Inpainting and Outpainting with Diffusers

Inpainting and outpainting are popular image editing techniques. You have seen how to perform inpainting and outpainting using the WebUI. You can do the same using code as well.

In this post, you will see how you can use the diffusers library from Hugging Face to run Stable Diffusion pipeline to perform inpainting and outpainting.

After finishing this tutorial, you will learn

  • How to perform inpainting using the corresponding pipeline from diffusers
  • How to understand a outpainting problem as a special form of inpainting

Let’s get started.

Inpainting and Outpainting with Diffusers
Photo by Anna Kolosyuk. Some rights reserved.


This tutorial is in two parts; they are

  • Inpainting with the Diffusers Library
  • Outpainting with the Diffusers Library

Inpainting with the Diffusers Library

We covered the idea of inpainting the a previous post and showed how inpainting can be done using the WebUI. In this section, you will see how you can do the same using Python code.

You are going to use Google Colab in this post, for the convenience that you do not need to own a GPU. If you decided to run the code locally, some small modification may be needed. For example, you can call cv2.imshow() function directly instead of using Google’s patched cv2_imshow() function.

Inpainting requires you to mask regions of the image that have to be reconstructed and a capable model to fill the region with missing pixels. Instead of drawing the mask on the image, you will utilize:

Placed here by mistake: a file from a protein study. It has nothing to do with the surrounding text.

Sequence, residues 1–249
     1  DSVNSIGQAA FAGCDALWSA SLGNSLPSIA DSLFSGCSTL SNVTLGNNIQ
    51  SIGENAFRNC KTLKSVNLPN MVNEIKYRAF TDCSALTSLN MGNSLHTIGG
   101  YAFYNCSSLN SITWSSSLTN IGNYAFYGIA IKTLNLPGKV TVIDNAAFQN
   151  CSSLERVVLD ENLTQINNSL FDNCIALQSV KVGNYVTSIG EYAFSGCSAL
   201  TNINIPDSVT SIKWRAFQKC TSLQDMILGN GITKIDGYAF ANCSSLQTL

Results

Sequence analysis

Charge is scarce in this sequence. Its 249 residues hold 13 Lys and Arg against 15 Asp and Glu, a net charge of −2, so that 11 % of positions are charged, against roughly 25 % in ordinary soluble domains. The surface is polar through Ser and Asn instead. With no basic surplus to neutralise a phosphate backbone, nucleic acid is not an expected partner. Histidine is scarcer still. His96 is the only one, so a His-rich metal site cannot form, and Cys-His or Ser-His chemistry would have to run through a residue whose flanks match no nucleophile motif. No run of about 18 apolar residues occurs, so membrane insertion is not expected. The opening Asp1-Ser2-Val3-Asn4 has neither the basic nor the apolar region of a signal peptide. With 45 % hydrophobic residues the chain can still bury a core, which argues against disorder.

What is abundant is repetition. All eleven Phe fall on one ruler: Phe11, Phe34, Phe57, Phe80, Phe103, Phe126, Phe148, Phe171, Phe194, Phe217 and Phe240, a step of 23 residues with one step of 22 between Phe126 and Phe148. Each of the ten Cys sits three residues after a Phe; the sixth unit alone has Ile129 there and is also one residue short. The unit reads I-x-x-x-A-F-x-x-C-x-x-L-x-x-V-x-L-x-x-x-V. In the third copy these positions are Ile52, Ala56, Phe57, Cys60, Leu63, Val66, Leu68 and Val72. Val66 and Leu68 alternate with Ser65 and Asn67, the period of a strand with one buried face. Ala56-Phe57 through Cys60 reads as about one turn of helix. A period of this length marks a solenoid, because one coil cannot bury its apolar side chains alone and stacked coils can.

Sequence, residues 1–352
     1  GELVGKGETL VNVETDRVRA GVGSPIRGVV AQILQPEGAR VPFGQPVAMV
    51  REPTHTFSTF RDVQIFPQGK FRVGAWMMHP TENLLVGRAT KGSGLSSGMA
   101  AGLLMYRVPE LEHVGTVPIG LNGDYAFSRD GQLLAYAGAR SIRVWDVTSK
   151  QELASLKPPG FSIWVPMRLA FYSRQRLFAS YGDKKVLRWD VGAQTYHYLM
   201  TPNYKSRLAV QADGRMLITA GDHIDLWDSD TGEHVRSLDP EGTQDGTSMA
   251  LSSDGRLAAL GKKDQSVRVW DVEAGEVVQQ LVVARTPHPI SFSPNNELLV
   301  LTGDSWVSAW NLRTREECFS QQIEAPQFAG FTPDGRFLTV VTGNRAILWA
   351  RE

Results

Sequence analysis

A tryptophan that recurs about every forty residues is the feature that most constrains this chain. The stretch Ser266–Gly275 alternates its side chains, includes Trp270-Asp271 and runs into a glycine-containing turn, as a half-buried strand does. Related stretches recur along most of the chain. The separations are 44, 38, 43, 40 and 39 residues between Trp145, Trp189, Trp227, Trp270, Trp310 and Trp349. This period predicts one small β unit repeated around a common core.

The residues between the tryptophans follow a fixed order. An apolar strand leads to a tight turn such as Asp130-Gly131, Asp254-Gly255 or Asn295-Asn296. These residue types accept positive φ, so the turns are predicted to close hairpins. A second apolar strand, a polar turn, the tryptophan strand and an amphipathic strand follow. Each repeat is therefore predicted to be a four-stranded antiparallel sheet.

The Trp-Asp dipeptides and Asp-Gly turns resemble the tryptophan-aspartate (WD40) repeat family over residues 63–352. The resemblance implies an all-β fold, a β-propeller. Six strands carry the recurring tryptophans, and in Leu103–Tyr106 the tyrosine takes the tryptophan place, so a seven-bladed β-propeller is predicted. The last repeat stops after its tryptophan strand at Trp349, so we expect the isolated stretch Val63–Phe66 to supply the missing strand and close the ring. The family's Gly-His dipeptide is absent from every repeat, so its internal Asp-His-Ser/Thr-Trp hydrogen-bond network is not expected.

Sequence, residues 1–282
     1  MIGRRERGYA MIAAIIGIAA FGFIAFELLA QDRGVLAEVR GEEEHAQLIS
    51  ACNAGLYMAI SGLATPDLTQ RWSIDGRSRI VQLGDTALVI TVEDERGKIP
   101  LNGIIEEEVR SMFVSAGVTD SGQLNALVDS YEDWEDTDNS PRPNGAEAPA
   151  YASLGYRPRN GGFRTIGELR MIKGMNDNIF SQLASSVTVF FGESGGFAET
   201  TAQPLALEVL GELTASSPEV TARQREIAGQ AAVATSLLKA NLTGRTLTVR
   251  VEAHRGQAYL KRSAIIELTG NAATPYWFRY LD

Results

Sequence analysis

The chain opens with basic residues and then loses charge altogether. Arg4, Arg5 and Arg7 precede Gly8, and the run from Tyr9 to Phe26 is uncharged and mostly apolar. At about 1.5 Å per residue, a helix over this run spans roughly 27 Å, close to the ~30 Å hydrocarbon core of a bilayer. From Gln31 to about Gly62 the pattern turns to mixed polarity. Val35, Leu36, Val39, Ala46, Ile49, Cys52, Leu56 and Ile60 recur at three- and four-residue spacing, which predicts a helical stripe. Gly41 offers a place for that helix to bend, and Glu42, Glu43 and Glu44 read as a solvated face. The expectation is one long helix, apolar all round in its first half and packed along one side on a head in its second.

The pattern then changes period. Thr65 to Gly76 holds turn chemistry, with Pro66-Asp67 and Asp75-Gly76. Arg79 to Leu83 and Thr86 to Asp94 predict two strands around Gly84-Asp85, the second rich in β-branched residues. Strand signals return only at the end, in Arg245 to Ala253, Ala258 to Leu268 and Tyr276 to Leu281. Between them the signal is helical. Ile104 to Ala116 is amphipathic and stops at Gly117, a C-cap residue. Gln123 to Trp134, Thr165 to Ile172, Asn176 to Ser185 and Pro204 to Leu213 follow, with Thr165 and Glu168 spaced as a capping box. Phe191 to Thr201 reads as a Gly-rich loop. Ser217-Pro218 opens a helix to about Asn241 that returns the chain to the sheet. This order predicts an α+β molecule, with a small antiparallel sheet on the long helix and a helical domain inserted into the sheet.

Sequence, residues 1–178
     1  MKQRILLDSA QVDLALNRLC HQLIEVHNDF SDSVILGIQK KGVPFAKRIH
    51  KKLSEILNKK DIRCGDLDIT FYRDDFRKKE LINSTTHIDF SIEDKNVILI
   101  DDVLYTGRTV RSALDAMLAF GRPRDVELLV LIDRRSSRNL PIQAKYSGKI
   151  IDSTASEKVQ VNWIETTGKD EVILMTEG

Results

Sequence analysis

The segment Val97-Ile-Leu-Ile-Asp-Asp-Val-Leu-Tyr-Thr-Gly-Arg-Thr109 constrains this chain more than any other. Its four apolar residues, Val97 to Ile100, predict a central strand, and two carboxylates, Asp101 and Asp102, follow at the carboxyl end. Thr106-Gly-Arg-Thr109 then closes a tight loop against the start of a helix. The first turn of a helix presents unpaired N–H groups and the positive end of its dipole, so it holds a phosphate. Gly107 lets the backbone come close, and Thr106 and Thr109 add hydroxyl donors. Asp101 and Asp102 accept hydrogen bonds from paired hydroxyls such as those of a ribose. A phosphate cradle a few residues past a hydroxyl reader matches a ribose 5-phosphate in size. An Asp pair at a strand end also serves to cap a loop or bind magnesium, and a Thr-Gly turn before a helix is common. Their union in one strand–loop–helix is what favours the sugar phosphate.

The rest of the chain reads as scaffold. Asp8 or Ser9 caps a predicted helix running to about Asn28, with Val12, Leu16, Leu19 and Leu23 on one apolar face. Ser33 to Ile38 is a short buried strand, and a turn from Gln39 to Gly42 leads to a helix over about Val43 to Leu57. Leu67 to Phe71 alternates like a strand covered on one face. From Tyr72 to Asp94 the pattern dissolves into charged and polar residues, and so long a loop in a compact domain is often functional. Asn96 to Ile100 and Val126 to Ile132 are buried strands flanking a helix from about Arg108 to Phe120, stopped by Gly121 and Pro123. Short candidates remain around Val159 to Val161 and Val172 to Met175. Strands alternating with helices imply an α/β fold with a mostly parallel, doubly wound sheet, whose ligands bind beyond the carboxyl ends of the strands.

• Meta AI’s SAM (Segment Anything Model), a very strong image segmentation model, you will utilize it to generate masks for input images.
  • StableDiffusionInpaintPipeline from Hugging Face library for text-guided inpainting with stable diffusion

First, you should create a notebook on Google Colab and set to use T4 GPU. At the beginning of the notebook, you should install all dependencies and load the checkpoint ViT-B (URL:, ) for SAM.

The code below should go first:

Next, you can upload an image to Colab for reconstruction. It can be done conveniently by clicking on the “File” icon on the left toolbar and then upload a file from your local computer:

The left panel on Google Colab allows you to upload a file

The file you uploaded there is under the directory /content/ . You can load the image by providing the full path and convert it into RGB format:

This is the sample image to start with:

The sample picture to perform inpainting

Now load the SAM model with the checkpoint you have downloaded above. Here you are using the SamPredictor class to segment images. You provide image coordinates for the object to be masked, the model will automatically segment the image.

The object selected is the one with the pixel at position (250,250), i.e., at the center of the image. The array mask is a boolean array (for the binary image), we’ll convert it into pixel values, change the shape from (1,512,512) to (512,512,1), and convert it into black-and-white version.

The mask created is as follows:

The mask created by SAM for inpainting. White pixels are to be changed and black pixels are preserved.

SAM has done its job by helping us generate a mask, now we’re ready to use Stable Diffusion for inpainting.

Create a pipeline using a Stable Diffusion model from Hugging Face repository: